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Patients File Malpractice Lawsuits Against Surgery Centers

Surgery centers around the country are often seen as a cheaper alternative for quick in-and-out procedures. The reality is that thousands of patients have suffered adverse events while undergoing surgery at these centers, according to an investigation by Kaiser Health News and the USA TODAY Network.

Journalists around the nation looked into data on the roughly 5,600 surgery centers across the country and found that more than 260 patients have died at these centers since 2013. Many of them died during routine operations like colonoscopies and tonsillectomies.

In New Jersey alone, dozens of patients died since reporting first started in 2008. Thousands of others suffered adverse events, which can include falling into a coma and other severe injuries.

The numbers may actually be significantly higher. Only about half of New Jersey’s 300 surgery centers must issue reports to the Patient Safety Reporting System. Thanks to a law signed by former Gov. Chris Christie, all surgery centers will be overseen by the state’s health department starting next January.

With poor conditions and cost-cutting methods taking place at these surgery centers around the country, more and more victims of surgery centers are suing for medical malpractice.

History of In-And-Out Surgery Centers

The first surgery center was established in Phoenix in 1970 after two doctors questioned the need for lengthy and expensive hospital visits for minor surgeries. Because the centers did not need large staffs or costly life-saving equipment for routine procedures, patients paid less for procedures.

Not only have doctors continued to open in-and-out surgery centers but hospitals have also bought their own centers. According to The New York Times, UnitedHealth Group bought an outpatient surgery chain for $2.3 billion in January. The vice chairman of the group said the acquisition would help implement care models that reward independent surgeons and specialists for quality and care efficiency.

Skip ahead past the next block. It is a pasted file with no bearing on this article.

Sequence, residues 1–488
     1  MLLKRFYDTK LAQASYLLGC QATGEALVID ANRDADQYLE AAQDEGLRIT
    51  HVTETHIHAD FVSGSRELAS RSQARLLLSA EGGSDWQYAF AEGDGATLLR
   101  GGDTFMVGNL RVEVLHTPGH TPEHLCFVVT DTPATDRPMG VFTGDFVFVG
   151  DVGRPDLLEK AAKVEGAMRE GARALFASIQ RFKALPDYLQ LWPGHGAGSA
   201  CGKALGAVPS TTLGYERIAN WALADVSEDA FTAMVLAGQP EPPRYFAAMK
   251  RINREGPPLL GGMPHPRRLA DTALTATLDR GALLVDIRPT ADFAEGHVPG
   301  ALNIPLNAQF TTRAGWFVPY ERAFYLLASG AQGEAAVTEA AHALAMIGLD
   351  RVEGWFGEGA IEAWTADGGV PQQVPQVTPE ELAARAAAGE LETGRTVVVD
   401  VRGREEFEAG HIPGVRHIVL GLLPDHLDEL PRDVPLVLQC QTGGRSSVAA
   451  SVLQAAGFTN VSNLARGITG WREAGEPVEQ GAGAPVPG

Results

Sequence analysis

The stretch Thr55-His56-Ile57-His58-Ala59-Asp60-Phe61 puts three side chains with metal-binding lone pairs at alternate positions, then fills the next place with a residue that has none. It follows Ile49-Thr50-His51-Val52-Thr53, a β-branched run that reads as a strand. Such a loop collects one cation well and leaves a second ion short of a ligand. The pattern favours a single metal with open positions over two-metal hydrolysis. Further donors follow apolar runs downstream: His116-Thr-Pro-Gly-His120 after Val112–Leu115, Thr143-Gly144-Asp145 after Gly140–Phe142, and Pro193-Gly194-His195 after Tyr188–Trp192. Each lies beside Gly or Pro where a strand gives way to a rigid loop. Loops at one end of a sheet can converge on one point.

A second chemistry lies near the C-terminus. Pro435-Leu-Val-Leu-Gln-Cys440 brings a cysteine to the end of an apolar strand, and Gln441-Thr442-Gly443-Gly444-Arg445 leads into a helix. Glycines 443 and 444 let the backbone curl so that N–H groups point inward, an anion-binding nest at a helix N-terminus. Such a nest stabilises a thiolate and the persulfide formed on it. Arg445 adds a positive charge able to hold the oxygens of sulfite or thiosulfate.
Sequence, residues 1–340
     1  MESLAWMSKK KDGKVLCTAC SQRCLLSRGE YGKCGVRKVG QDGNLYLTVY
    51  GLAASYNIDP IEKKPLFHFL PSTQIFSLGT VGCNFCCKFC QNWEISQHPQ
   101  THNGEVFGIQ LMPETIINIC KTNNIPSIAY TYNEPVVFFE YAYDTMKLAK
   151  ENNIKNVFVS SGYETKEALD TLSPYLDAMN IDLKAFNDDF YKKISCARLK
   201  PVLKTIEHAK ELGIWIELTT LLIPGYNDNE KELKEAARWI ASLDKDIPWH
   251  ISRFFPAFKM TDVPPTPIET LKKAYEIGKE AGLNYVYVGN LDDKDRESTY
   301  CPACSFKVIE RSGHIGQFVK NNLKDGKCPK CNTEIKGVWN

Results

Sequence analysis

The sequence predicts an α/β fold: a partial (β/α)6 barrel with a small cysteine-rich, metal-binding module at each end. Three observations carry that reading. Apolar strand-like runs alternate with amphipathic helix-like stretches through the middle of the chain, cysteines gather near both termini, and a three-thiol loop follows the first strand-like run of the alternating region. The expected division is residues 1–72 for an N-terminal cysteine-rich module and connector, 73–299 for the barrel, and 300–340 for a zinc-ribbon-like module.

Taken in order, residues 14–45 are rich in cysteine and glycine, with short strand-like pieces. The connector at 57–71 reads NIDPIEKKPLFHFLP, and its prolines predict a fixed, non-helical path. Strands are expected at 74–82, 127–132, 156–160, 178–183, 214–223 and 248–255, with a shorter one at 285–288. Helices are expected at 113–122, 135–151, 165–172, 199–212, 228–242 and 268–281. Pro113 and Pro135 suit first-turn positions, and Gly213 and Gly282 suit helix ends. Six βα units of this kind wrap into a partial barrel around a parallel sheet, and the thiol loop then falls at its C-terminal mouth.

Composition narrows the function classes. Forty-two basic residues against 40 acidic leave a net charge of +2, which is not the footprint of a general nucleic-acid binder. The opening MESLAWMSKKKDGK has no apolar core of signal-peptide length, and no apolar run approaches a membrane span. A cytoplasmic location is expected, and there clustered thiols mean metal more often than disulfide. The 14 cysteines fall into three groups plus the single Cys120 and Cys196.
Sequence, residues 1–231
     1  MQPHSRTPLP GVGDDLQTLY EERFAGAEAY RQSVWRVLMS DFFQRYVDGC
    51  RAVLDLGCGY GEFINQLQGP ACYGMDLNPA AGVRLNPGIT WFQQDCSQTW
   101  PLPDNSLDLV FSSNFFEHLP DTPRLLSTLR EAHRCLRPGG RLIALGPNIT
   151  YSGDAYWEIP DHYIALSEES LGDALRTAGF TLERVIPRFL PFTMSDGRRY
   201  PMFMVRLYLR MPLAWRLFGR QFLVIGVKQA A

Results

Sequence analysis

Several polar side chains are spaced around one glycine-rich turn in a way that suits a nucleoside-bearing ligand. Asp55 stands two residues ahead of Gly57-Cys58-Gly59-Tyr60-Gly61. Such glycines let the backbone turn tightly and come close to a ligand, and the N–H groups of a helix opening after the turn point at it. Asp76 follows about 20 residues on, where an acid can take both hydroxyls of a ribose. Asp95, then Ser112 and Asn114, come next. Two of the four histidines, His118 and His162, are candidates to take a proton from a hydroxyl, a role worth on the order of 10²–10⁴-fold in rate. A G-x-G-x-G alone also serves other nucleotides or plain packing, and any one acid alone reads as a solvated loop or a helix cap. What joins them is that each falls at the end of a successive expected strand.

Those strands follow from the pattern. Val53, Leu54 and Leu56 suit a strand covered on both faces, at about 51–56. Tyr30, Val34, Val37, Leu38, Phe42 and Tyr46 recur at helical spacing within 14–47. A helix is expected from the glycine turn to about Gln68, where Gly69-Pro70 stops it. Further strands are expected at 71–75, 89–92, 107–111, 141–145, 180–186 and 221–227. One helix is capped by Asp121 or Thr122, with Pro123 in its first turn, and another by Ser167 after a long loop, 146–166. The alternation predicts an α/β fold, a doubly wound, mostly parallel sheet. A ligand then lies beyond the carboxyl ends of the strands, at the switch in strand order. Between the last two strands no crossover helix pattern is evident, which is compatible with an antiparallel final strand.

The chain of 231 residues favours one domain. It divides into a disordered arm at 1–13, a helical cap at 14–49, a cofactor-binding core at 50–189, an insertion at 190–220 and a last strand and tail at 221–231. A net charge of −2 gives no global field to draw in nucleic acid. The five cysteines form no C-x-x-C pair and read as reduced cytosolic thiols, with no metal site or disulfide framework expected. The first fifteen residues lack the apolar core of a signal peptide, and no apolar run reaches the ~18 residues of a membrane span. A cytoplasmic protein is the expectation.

Over the years, the number of centers has risen sharply. There are now more than 5,600 Medicare-certified centers. In contrast, the American Hospital Association reports there are 5,534 registered hospitals in the United States.

Concerns over the safety of surgery centers are not new, however. According to a report published in the USA Today, Medicare said surgery centers “have neither patient safety standards consistent with those in place for hospitals, nor are they required to have the trained staff and equipment needed to provide the breadth of intensity of care.”

Patients File Malpractice Lawsuits Against Surgery Centers

The lack of consistent and regulated safety standards has resulted in thousands of patients experiencing significant injuries.

In one case, 67-year-old Rekhaben Shah went in for a routine colonoscopy exam at Oak Tree Surgery Center in Edison, New Jersey. Shah went under anesthesia, but her vitals dropped within minutes.

Staff called 911 but would not let paramedics inside for several minutes. The paramedic’s report described a “very chaotic scene” within the operating room, and the police were called to intervene.

Shah’s family has since filed a lawsuit against the anesthesiologist.

Although the details of Shah’s experience sound unbelievable, they are not out of the ordinary for many surgery centers. Some centers, including the Surgery Center of Ocala in Florida, have been a defendant in several malpractice cases. Some of these cases are settled out of court while the centers and their doctors continue to deny any wrongdoing.

Medical malpractice arises from a failure to employ adequate levels of care, skill or due diligence by a healthcare provider, doctor or nurse. Medical negligence can occur at any point in time a patient is under the care of a medical professional.

Some health insurance plans provide information about a procedure’s safety records. The Leapfrog Group, a patient advocacy organization, currently gives hospitals grades for their level of safety. The group is also working on something similar for surgery centers.

But for now, journalists and medical care professionals urge patients to do their research before going to surgery centers. Those who have been victims of medical malpractice should contact a qualified attorney immediately.

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